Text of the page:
It howled all night. I’m not referring to the dogs but the winds. The morning brought calm and the extent of the damage. Half a dozen slate tiles had fallen to the ground exposing the roof to the elements.
“You better get that fixed” called Claire as she headed off to the shops.
And I looked up to the roof with my binoculars, all 30 feet of it and thought, “that’s not something I want to do”
In the evening Claire, who is a natural networker and knows everyone in the village and their life histories, asks around to find out if anyone knows anyone who does…
Roofing and tiling.
And that’s the point behind this story. When your customer needs to solve a problem or a pain, like missing slates, they will do one of two things:
- Ask someone in the network if they know anyone who does…
- Or search on Google to find someone or to learn how to solve the problem themselves.
Because we now have total and utter control over our buying process, we keep control by devising how to solve the problem.
The message? Quite clear. Are you networking online and offline enough so that when potential customers ask if they know of anyone who…are you referred? How referable are you?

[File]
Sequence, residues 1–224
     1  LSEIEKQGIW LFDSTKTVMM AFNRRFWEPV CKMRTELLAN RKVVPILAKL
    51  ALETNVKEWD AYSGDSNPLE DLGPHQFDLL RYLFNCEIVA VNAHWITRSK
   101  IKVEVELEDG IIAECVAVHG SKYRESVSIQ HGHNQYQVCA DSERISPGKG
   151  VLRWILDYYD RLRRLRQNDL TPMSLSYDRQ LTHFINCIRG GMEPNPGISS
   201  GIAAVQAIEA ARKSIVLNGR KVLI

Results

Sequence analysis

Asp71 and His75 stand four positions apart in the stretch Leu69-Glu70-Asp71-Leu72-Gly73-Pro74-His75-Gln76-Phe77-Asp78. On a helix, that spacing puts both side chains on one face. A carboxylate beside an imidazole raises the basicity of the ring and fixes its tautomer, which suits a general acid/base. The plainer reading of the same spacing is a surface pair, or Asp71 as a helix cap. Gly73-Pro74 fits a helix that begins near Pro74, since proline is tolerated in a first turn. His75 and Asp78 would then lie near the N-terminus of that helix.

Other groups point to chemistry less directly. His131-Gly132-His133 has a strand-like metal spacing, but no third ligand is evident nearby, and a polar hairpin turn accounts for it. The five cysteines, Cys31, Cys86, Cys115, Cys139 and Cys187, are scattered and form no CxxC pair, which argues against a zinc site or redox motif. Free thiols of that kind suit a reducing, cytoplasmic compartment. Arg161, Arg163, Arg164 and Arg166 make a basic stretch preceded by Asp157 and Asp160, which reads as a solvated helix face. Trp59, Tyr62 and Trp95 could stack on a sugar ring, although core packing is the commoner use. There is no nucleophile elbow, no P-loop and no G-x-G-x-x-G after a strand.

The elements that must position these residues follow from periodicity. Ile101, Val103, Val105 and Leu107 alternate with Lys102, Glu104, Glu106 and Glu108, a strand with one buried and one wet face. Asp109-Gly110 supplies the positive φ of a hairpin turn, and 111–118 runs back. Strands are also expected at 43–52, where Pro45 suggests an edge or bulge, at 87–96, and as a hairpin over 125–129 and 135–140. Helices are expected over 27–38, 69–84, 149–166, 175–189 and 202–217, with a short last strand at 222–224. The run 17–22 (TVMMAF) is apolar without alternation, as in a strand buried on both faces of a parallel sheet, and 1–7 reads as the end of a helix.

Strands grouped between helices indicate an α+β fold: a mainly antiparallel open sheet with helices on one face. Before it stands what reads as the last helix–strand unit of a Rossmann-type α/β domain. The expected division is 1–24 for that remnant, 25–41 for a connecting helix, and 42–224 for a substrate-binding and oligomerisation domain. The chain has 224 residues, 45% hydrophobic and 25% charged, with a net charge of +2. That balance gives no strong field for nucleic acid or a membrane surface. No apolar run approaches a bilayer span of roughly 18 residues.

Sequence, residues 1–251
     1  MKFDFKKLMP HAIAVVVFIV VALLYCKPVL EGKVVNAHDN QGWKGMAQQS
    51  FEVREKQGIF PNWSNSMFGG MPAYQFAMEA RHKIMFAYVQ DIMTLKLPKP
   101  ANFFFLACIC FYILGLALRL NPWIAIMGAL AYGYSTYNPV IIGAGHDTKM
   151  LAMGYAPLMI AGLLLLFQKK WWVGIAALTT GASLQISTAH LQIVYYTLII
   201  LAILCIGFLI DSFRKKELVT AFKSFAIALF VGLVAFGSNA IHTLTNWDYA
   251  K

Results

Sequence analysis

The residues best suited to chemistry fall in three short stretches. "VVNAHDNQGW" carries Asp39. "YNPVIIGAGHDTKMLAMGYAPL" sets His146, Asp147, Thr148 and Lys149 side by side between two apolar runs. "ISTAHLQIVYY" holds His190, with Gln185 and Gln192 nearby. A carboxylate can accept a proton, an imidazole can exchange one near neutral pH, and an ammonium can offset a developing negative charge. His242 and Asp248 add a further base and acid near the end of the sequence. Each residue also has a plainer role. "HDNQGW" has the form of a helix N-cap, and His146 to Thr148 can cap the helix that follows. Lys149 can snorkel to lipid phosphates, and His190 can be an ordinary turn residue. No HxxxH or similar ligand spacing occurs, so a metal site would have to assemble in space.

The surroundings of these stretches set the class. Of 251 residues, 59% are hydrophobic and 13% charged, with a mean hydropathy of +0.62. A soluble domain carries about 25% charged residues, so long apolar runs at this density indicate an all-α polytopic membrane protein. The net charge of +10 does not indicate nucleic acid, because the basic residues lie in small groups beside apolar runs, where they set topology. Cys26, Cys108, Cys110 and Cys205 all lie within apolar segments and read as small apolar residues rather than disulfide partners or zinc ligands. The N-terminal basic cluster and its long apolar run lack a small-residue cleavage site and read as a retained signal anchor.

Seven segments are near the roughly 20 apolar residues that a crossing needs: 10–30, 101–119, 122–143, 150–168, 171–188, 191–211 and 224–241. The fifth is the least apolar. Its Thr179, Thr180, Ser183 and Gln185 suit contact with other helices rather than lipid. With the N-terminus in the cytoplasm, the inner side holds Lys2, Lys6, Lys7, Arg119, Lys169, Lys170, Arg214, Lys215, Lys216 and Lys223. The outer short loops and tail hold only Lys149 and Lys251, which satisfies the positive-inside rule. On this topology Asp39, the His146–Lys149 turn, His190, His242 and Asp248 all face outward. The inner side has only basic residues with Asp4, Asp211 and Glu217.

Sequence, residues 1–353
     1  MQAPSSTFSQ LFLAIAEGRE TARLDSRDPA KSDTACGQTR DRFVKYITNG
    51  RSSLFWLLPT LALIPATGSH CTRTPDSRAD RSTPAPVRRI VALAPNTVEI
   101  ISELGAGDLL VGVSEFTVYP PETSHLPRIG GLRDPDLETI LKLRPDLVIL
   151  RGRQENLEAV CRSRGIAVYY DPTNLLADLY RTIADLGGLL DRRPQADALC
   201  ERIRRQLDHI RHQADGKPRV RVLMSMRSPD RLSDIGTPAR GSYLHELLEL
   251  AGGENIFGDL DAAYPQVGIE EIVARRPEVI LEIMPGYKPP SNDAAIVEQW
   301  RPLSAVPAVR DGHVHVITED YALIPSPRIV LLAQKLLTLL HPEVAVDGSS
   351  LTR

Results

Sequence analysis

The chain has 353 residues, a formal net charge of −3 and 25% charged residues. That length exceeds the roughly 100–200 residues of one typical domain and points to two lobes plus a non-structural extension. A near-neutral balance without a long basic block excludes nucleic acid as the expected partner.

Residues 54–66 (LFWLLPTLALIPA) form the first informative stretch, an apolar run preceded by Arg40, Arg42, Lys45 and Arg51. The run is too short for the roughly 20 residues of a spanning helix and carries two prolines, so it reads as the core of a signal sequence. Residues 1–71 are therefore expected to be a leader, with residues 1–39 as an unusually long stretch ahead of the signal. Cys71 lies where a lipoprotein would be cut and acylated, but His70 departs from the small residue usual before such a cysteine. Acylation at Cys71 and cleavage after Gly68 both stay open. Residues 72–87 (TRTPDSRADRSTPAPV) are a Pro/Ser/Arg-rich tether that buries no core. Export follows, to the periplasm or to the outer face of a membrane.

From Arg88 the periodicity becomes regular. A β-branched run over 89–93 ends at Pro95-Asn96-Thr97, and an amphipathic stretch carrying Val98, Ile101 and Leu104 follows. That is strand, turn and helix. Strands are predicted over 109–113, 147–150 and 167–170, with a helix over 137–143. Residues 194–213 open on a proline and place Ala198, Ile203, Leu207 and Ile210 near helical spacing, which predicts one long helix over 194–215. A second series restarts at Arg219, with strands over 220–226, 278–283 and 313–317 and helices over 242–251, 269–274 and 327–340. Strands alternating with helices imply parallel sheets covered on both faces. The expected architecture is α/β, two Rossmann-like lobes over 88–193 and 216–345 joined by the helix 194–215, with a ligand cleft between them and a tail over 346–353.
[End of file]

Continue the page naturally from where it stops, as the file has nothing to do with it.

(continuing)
The second message is how much Google Juice do you have so when potential buyers go searching online to solve their problems do you crop up.
Personally I think referrals are so much better, they eliminate competition because you’re recommended. I get a clear 80% of my new business from referrals from my general network and existing clients.
Claire spoke to our neighbours from Ivy House. She chatted about children, chickens and the weather and then found out that they had a man around who charged £15 per hour and would scale any heights to do his job. Just the chap. A quick phone call and he was around and has done a number of pieces of work for us, with great skill and diligence and we didn’t even have to check him out because he was referred.
And I got to get on with my job and not climb up a 30 foot ladder, heavens knows what next.